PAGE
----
Deputy Mayor Cas Holloway said the city doesn’t understand why the court or the unions would want someone not entitled to a health care plan to take advantage of the program.
A city audit of employee health care plans — part of an ambitious effort to weed out ineligible recipients — has ground to a halt after a legal dustup with the unions.
A coalition of municipal labor groups repping roughly 250,000 workers sued to stop the three-month-old audit, saying the city should not have started it without first negotiating the terms.
A Manhattan judge last week issued a temporary restraining order stopping the review while the two sides work it out.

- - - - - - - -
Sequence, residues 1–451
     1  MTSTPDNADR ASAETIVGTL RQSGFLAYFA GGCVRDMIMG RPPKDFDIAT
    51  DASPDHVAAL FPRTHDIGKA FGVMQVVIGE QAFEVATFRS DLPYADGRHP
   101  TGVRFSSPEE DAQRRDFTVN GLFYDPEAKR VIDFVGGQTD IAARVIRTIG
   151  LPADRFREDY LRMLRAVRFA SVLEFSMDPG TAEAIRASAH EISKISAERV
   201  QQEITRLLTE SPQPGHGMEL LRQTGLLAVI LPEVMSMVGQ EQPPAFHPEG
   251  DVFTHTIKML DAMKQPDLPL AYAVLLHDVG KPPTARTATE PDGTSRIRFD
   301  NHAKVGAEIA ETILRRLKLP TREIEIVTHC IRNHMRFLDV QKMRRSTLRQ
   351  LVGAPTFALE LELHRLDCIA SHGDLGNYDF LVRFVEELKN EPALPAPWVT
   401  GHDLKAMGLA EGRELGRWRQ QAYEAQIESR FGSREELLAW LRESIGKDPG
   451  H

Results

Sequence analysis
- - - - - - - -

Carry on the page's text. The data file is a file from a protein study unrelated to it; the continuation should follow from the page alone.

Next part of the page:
“We’re not against the survey, we want some rules,” said Harry Nespoli, chairman of the Municipal Labor Committee.
The unions were particularly concerned that their members would have to hand over personal details to the city.
It also wanted the city to guarantee amnesty for people caught putting ineligible family members — like ex-spouses and dependents over 27 years old — on their benefits.
Some 25 percent of the city’s workforce already responded to the audit, according to the mayor’s office.
The city has vowed to appeal.
“We don’t understand why the court or unions would want the city’s taxpayers to pay for the health coverage of people not entitled to participate in the city’s program,” said Deputy Mayor Cas Holloway.